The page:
This question was posed by a retailer during a recent RCC webinar on COVID-19 and environmental compliance: How do stormwater regulations affect disinfecting shopping carts? There are many questions around this topic, and the following set of FAQs unpacks them.
How is stormwater regulated?
Stormwater is regulated under the federal Clean Water Act (CWA) through the National Pollution Discharge Elimination System (NPDES) and generally delegated to states. NPDES is a system of permits that protect water bodies by putting limits and conditions on pollutant discharge, including non-point-source stormwater discharges.
How do stormwater regulations apply to retail?
Three types of activities that affect stormwater are regulated: Construction, Industrial and Municipal/Urban. The regulation of construction activities is the most applicable to retail when retailers build or remodel stores and parking lots. The industrial stormwater section of the CWA is triggered by SIC code and is the least applicable to retail. However, because distribution and transportation centers have SIC codes that meet the regulatory definition of industrial facilities, they are subject to industrial stormwater regulations. In most urban and suburban areas, municipalities have an NPDES permit from their state for stormwater discharges.
What type of activities are typically regulated under Industrial stormwater regulations?
Under the Industrial stormwater regulations, certain activities, such as vehicle fueling and washing and outside storage of materials, are regulated and can trigger the need for a permit, usually a general permit. Pressure washing of building exteriors with clean water (no detergents or cleaning agents) is one activity that is allowed under most general permits for warehouse, distribution and transportation facilities.
How does a Municipality’s stormwater permit affect stores?
The permits issued to municipalities regulate pollutants in stormwater runoff like vehicle oils and grease, grit and sediment, litter and other pollutants, whether from public streets or private properties. The municipal stormwater permits require the cities to enact ordinances regulating activities and stormwater management practices on private property, including commercial to control these pollutants. Some ordinances are very specific and prescriptive, while others are quite general and prohibit any activities that adversely affect water quality. Stores are subject to the local ordinance requirements.
Can a store pressure wash carts in the parking lot?
You may be able to pressure wash shopping carts with clean water only and allow it to discharge to the storm drain, but you should check with the local municipality, stormwater utility or wastewater department. If you are pressure washing with a disinfectant, detergent or other cleaning agent, you must capture the wastewater and properly dispose of it. This is typically done with a vacuum truck. Pressure washing services with vacuum truck capability are typically only available in metropolitan areas. Aside from rules and prohibitions, pressure washing in parking lots is a highly visible activity and may generate scrutiny from the public or media.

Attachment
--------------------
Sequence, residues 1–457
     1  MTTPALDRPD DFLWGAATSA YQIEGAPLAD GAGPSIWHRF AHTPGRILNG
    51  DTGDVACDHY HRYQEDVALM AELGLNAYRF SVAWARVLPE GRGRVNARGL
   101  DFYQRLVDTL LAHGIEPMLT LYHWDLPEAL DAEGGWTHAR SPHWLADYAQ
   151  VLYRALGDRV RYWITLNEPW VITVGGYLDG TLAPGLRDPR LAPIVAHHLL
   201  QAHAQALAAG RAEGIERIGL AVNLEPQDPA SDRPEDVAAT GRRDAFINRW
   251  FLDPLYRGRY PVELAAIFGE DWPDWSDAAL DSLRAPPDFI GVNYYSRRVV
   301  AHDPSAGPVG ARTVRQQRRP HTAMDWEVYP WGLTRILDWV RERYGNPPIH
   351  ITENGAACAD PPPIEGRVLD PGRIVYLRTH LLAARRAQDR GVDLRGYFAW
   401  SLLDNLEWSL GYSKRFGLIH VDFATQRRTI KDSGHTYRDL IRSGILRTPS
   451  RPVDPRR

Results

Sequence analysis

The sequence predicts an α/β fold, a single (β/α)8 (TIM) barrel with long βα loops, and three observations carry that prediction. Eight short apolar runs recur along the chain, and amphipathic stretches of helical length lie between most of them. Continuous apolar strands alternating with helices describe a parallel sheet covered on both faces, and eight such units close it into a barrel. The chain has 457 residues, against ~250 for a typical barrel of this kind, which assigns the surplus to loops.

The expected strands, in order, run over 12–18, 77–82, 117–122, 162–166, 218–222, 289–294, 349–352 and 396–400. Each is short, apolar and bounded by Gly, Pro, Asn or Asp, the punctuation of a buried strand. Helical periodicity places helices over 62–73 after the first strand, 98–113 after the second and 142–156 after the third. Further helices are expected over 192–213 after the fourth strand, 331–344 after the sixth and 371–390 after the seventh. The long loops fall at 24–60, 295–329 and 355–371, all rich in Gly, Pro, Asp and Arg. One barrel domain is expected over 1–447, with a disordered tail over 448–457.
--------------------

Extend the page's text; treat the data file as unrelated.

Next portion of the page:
It is possible that state or local orders or other requirements related to the COVID-19 pandemic could require the disinfection of shopping carts. They could possibly specify the frequency and type of disinfectant chemicals to be used. It seems unlikely, however, that a health department would specify exactly how and where carts are disinfected. However, even if a health inspector or agency were to specify the disinfection of carts outdoors, the store would still be obligated to comply with environmental regulations, including stormwater regulations. Health inspectors may not be aware of or understand environmental stormwater regulations. You would need to find a way to comply with both.
Can disinfection activities of any type be conducted in parking lots?
Yes, provided no wastewater is created or it is captured and properly disposed, disinfecting of carts or other items can be done outdoors. The key is to do it without impacting stormwater with pollutants. For example, wiping carts with a rag or disposable towel saturated with chemical disinfectant and letting the disinfectant stand per the manufacturer’s directions would pose little to no risk of stormwater pollution. If your procedure involves application with a mist sprayer to allow the disinfectant to reach all surfaces, you should avoid excess overspray or capture overspray on plastic sheeting or some other material, such as cardboard, and then dispose of the plastic or cardboard.
This content is provided by Pat Perry and John Storlie. Pat and John are consultants specializing in environmental compliance for retailers. John is a Principal Scientist at Retail Environmental SolutionsTM, a Division of The OS Group, LLC. Pat is a Principal Scientist at Oak Creek Associates.
John Storlie, PG | The OS Group, LLC │ Direct: 608 433 9389 | john.storlie@theOSgrp.com │ www.theOSgrp.com
Pat Perry | Oak Creek Associates | Direct: 612.210.7176 | firstname.lastname@example.org